Sharon Springs Central School is standing behind the way it manages its fund balance after what amounts to a slap on the wrist from the State Comptroller's Office.
"It's like an 'atta boy," from the school board and then a slap on the wrist from the Comptroller's office," Business Manager Tony DiPace said.
"With the size of the school and our budget, it only takes one special ed student or one natural disaster like a flood and that fund balance would be gone. Then what would we do?"
SSCS is one of seven schools included in a routine audit of local governments and school districts released by the state on June 17.
The audit criticized SSCS for appropriating "more fund balance than was needed in the adopted budgets for the three-year period ending June 30, 2015 and recommended the district "adopt more accurate budget estimates...discontinuing the practice of adopting budgets that appropriate unexpended surplus funds that will not be used."
In the district's required response to the audit, Superintendent Pat Green said the district has always been conservative when estimating expenditures it has little control over, like fuel and utility costs.
An August 2014 flood cost the district an unexpected $100,000, Mr. Green pointed out, and the district constantly needs to shift between one or two teachers for the elementary grades and needs to budget for that contingency.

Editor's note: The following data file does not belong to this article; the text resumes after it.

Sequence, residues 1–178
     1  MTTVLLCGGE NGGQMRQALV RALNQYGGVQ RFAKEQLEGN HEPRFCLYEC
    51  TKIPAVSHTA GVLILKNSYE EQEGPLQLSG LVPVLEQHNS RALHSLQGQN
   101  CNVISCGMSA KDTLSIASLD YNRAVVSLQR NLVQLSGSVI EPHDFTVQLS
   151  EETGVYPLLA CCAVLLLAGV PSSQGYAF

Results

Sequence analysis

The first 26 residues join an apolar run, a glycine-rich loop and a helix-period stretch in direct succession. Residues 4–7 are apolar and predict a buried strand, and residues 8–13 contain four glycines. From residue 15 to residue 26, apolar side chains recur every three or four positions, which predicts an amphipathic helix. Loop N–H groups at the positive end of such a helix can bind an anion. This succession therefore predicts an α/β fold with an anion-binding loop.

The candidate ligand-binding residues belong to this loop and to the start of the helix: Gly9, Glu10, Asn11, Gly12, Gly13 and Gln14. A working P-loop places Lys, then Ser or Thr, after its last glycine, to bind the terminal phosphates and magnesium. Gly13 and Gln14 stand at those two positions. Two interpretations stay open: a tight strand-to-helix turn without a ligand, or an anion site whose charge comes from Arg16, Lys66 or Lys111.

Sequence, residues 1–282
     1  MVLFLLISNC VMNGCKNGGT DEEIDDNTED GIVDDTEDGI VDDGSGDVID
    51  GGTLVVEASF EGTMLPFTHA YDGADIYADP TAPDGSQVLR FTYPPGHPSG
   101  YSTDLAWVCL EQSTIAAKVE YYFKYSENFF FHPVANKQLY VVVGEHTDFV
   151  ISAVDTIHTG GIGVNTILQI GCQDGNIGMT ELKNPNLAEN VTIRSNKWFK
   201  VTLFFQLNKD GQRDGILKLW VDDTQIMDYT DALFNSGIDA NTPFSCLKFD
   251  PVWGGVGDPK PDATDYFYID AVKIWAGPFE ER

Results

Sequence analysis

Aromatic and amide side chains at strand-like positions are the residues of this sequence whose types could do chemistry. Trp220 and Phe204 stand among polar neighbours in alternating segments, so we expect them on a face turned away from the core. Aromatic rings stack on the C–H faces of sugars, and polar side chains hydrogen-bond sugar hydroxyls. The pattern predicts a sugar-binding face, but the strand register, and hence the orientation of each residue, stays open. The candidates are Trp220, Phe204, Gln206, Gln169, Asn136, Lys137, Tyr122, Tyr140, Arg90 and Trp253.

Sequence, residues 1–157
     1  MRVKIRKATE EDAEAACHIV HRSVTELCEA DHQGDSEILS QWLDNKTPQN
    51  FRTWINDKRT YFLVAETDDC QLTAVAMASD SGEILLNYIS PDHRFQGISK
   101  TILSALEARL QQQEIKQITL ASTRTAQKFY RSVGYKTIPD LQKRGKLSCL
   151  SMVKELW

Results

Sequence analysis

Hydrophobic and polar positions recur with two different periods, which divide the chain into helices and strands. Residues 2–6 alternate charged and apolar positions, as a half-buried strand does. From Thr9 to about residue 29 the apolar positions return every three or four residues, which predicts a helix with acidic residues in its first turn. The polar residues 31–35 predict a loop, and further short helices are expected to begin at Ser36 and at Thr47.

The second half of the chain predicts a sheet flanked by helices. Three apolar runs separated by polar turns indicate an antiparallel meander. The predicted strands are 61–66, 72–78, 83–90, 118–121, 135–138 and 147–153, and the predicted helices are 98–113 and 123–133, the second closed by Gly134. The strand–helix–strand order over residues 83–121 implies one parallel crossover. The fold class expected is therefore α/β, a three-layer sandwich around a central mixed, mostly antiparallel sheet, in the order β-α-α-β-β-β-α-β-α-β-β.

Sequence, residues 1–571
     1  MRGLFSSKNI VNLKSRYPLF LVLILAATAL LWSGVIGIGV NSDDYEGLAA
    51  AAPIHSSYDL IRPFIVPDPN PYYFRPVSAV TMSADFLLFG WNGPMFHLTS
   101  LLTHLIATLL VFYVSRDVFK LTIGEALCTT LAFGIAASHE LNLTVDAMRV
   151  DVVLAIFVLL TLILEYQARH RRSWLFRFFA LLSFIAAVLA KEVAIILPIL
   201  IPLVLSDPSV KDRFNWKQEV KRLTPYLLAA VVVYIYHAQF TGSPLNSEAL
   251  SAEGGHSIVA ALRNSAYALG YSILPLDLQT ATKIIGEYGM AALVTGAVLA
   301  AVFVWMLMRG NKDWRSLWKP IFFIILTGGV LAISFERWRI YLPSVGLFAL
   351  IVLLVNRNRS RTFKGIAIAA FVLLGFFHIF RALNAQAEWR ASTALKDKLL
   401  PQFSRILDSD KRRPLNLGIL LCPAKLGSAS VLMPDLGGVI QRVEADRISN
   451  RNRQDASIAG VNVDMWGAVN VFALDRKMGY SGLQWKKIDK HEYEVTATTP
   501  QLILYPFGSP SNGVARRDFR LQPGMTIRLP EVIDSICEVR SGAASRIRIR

The unreliability of state aid forecasting also makes conservative budgeting necessary, he said, noting that in 2011, the first year of Gap Elimination Adjustment, the state withheld $1.8 million and "absent of conservative budgeting, the district would not have been able to react to the GEA."
The district's tax levies have consistently been below the state's property tax caps, Mr. Green wrote; in 2013, there was no increase in the tax levy, in 2014, it dropped by one percent, and in 2015, by nine percent.
Cutting taxes even more in order to reduce the surplus fund balance could lead to a situation that's impossible to correct, he said, since the tax cap would limit the next year's levy.
"A one-time reduction in taxes could lock the district into a flat levy that would deplete the fund balance and completely deplete operating reserves."
Mr. Green and Mr. DiPace both said the district plans to address the Comptroller's concerns over time by adopting budgets with less built-in contingencies and tax levies that are below the state's property tax cap.